[Column] US has no right to talk about human rights

Posted on : 2021-04-12 16:53 KST Modified on : 2021-04-12 16:53 KST
The US is not qualified to criticize other countries for their human rights violations
Kang Jeong-koo
Kang Jeong-koo

By Kang Jeong-koo, former professor of sociology at Dongguk University

The US published the latest edition of its annual report on the human rights practices of more than 200 countries around the world on March 30. The report called on North Korea to be held accountable for serious human rights violations and asserted that China had carried out massacres of its Uyghur minority population. The Biden administration has already openly advocated a strategic competition in surrounding and isolating China with a “values alliance” focused on human rights, democracy, and the rule of law.

While human rights are a universal norm that demands our respect, we mustn’t allow human rights to degenerate into a means of maintaining hegemony. Even so, people tend to accept at face value the claims of the US and other Western countries as if human rights were their sole preserve.

Human rights can be defined as the right to various conditions necessary to enjoy lives of human dignity.

In 1966, the UN General Assembly ratified two conventions about human rights: the International Covenant on Civil and Political Rights (ICCPR) and the International Covenant on Economic, Social and Cultural Rights (ICESCR). The fatal flaw of these agreements is their neglect of the right to life.

Throughout history and around the world, life is the most precious thing for people of all ages and genders — there’s nothing on earth that could be traded for it. The crux of human rights is the right to life, which includes peace, freedom from war, health, freedom from infectious disease, livelihood, or poverty. But the right to livelihood is the only aspect of the right to life that appears in the ICESCR.

Based on this comprehensive understanding of human rights, let’s discuss whether the US is qualified to criticize other countries about their human rights record.

First, more than 95% of countries worldwide have ratified both the ICCPR and the ICESCR, but the US has only ratified the ICCPR. That means the US criteria for human rights fall far short of the international standard.

Second, the US withdrew from the UN Human Rights Council (UNHRC) in 2018 because of its criticism of Israel. The council’s fundamental mission is to criticize countries for their human rights violations. It’s hypocritical for a country that withdraws from the council on those grounds to turn around and take issue with any country’s human rights record.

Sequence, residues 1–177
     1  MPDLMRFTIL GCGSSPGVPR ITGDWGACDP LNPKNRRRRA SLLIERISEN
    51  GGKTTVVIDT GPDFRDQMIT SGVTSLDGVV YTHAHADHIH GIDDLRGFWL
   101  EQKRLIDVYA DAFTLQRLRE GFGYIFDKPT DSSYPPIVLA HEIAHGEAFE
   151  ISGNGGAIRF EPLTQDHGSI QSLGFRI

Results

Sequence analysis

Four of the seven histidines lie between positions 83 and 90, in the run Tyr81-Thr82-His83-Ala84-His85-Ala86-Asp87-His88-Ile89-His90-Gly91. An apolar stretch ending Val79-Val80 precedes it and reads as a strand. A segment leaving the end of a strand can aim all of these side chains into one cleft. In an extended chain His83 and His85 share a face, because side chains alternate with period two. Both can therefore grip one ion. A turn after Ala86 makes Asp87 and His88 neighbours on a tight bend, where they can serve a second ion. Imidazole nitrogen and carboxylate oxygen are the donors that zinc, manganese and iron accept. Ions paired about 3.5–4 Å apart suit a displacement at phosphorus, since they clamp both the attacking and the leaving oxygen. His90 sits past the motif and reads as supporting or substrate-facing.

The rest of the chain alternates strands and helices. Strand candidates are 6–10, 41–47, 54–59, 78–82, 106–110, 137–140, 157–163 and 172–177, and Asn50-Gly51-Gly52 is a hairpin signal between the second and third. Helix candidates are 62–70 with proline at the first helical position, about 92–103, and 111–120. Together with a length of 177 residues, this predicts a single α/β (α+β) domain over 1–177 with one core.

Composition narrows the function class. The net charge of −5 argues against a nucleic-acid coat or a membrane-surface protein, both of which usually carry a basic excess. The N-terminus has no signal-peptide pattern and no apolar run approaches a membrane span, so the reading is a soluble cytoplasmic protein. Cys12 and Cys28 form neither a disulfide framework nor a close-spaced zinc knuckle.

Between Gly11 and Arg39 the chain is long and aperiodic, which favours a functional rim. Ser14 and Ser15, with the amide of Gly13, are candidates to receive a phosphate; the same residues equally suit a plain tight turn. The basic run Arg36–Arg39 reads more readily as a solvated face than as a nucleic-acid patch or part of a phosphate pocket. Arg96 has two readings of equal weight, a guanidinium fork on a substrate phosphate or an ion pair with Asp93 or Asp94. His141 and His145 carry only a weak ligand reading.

Third, the US is the most belligerent country in history, the country has infringed upon peace (as an aspect of the right to life) more than any other. As former president Jimmy Carter said a few years ago, there have only been 16 years in its 242-year history when the US hasn’t been fighting a war. On top of that, the US is insensitive to the right to life, failing to impose gun regulations even though more than 40,000 of its citizens are killed in gun violence every year.

Fourth, the US has suffered 570,000 deaths from COVID-19 so far, demonstrating its abysmal record for health (as an aspect of the right to life). The US accounts for 27% of the world’s vaccine production but 0% of vaccine exports, while China accounts for 33% of the world’s vaccine production and 62% of vaccine exports. How dare the US attack other countries for their human rights record when it’s only concerned about its own interests?

Fifth, the gap in livelihood (an aspect of the right to life that appears in the ICESCR) in the US is so severe that there are 580,000 homeless people while the three wealthiest people own more wealth than the bottom 50%, as observed by Senator Bernie Sanders. But the US quibbles that this isn’t a human rights issue.

Sixth, the UNHRC unanimously condemned racism and police brutality in the US after a police officer killed George Floyd. African Americans are three times more likely than whites to contract COVID-19, two times more likely to die from it, and three times more likely to be killed by the police. The US is thus helpless to deal with the chronic issues of racial discrimination and hate crimes.

Seventh, the US is the most heavily surveilled society in the world. Information leaked by Edward Snowden shows that the National Security Agency (NSA) intercepts 1.7 billion electronic communications every day around the world. How ridiculous for the US to talk about civil rights infringements and privacy violations in other countries!

Eighth, the Five Eyes (the US, the UK, Canada, Australia, and New Zealand), which are largely WASP (white, Anglo-Saxon, and Protestant) countries, revived ethnonationalism through their construction of the ECHELON global intelligence monitoring and sharing program. The Biden administration is actively exploiting this in the US strategic competition against China. Thus the US is advocating a backward position of ethnonationalism in opposition to human rights, even as it nominally espouses human rights.

The points listed above show how pathetic and risible the US is when it poses as the champion of human rights while struggling to maintain its own hegemony. I urge the US to overcome its chronic problems and end its tawdry exploitation of the noble cause of human rights as a way to extend its hegemony.

Please direct comments or questions to [english@hani.co.kr]

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